The Urgency to Change

I like change. One might say that I live for and even thrive on change.  I’ve willingly changed my teaching position just because I feel the need to do so.  I was a first grade teacher, a second grade teacher and now a technology teacher.  A few years into my career as a technology teacher, a colleague shared the Technology Integration Matrix (I found the link in my diigo.  I tagged it on April 18, 2008.) I remember feeling somewhat overwhelmed by it as a Technology Teacher/Coach newbie.  I had a huge sense of “wow” looking at it and trying to dissect it.  But I was up for the challenge and excited about how I could use the information to move teachers and students into 21st Century learning.  Fast forward 6 years and here I am seeing it again in a MOOCed, shared out on twitter.  When I saw it again, it stopped me in my tracks, like seeing an image of an old friend who you’ve lost touch with.  My first thought was, “I am a total failure at this coaching thing. I’ve been at this for over six years and I dropped the ball with helping teachers truly integrate technology.”  Seeing it made me feel like I just bombed the final.

When I first took this position, I was excited about teaching others the possibilities of how technology can make our teaching lives easier and we can engage students in a way like never before.  I started out eager to share all of what I was learning and get 21st Century Skills a basic part of our everyday teaching and learning.  I’m sad to say that it didn’t go down like that.  Instead my excitement was met with all the usual thinking of the day: “I don’t have time to learn that,” “That won’t work”, “What we are doing is just fine, why change it?” and one of my favorites, “we need equality in what is being done, work with everyone equally”.  It was quite a laundry list of reasons not to integrate technology, so I quietly found teachers interested in learning and just focused on them, not wanting to disturb the delicate balance of being a teacher/coach.  Not stepping over the bounds of being a peer.  I lost the will to fight for what I thought was important.  I lost the urgency to generate change.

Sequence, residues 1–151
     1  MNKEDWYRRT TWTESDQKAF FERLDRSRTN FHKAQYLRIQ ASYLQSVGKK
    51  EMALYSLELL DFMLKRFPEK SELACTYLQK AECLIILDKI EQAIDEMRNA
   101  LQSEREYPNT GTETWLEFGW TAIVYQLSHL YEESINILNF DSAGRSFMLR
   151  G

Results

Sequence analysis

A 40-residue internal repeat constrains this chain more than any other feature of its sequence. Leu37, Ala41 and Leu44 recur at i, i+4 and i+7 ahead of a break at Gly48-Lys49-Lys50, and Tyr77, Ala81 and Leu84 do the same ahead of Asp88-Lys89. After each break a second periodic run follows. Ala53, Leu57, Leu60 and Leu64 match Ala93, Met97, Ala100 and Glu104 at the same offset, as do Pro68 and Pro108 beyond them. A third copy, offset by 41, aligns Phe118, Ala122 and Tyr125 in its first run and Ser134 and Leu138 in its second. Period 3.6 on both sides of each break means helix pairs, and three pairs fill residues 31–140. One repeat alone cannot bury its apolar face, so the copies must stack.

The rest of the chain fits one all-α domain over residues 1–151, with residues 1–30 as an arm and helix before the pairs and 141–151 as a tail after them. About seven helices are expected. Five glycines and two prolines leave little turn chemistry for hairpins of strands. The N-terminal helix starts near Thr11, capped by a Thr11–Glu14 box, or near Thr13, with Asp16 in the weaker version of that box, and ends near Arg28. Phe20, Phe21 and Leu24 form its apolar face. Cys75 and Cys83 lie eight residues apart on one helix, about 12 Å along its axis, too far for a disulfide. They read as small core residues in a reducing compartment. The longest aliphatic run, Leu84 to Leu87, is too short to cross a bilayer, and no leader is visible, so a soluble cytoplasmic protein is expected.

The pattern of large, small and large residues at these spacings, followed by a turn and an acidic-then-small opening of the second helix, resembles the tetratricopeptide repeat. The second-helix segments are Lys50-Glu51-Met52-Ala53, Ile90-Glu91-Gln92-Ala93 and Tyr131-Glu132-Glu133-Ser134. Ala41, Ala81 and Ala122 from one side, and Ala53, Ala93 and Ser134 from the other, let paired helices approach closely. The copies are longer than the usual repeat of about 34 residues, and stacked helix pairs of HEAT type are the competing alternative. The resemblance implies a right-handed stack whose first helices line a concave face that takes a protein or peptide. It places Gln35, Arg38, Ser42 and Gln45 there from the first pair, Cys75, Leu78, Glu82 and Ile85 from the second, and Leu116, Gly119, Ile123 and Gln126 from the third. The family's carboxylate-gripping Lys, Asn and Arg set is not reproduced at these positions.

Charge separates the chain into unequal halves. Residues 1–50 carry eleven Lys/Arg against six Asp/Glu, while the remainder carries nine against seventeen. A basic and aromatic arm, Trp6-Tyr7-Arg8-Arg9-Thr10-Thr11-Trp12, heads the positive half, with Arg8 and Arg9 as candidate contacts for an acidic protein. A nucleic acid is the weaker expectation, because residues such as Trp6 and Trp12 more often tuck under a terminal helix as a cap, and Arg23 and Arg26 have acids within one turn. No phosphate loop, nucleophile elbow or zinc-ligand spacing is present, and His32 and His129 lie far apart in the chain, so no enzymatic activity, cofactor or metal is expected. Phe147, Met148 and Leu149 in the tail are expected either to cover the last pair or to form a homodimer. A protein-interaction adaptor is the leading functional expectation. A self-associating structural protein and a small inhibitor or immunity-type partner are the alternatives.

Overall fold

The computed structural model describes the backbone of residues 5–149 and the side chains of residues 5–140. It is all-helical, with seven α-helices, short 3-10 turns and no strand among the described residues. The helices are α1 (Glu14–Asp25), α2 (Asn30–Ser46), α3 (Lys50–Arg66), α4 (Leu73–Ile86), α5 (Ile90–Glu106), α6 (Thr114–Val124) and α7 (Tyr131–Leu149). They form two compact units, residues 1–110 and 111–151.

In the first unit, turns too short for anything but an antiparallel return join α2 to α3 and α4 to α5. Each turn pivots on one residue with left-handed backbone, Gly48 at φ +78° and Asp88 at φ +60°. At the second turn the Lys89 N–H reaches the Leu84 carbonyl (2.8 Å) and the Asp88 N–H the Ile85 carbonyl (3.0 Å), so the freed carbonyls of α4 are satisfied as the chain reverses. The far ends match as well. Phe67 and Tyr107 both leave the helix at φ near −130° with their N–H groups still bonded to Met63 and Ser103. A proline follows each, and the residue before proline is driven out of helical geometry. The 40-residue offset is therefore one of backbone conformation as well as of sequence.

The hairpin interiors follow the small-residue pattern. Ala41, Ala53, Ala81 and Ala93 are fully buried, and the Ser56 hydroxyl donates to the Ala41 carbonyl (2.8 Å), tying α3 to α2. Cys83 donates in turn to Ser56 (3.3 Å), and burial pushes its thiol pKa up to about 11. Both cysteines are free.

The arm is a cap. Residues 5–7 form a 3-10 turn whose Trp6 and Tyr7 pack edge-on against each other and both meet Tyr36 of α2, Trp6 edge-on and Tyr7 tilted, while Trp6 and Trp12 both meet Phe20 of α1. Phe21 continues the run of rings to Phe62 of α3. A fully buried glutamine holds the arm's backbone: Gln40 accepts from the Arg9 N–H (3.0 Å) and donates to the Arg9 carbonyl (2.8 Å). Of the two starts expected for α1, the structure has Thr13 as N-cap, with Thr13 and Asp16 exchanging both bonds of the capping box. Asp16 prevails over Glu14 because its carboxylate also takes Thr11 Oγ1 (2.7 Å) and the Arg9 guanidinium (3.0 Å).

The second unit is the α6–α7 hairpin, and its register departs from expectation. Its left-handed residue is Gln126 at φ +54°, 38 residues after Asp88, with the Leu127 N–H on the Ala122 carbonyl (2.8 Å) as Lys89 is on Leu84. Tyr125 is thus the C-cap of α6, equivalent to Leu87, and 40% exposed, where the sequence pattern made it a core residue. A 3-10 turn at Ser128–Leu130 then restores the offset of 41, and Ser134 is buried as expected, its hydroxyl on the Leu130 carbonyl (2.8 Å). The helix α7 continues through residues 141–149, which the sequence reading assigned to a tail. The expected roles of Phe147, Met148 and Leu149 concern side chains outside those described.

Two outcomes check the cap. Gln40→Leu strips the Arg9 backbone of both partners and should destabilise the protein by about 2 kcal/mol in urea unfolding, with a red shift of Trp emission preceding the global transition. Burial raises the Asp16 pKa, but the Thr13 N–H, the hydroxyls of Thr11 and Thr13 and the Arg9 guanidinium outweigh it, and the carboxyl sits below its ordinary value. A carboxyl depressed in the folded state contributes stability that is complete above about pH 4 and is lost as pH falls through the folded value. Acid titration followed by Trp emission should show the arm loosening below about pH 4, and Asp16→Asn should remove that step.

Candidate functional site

Today I am seeing more clearly that I let the teachers down, but more importantly, I let down all the students that have passed through these halls since I took this position.  I allowed others negativity, influence and wishy-washy leadership effect my own learning and desires to see change take place in my school. It’s time for change.  It’s time to no longer accept the weak excuses of many who don’t even know the discussion happening beyond their classroom walls.  It’s time to move people beyond themselves and their classroom.

My plan is to use a faculty meeting to start conversations.  From those conversations, my hope is that teachers will start asking more questions and start rethinking what they’ve always done. How are you sharing out and coaching teachers? What is your plan?

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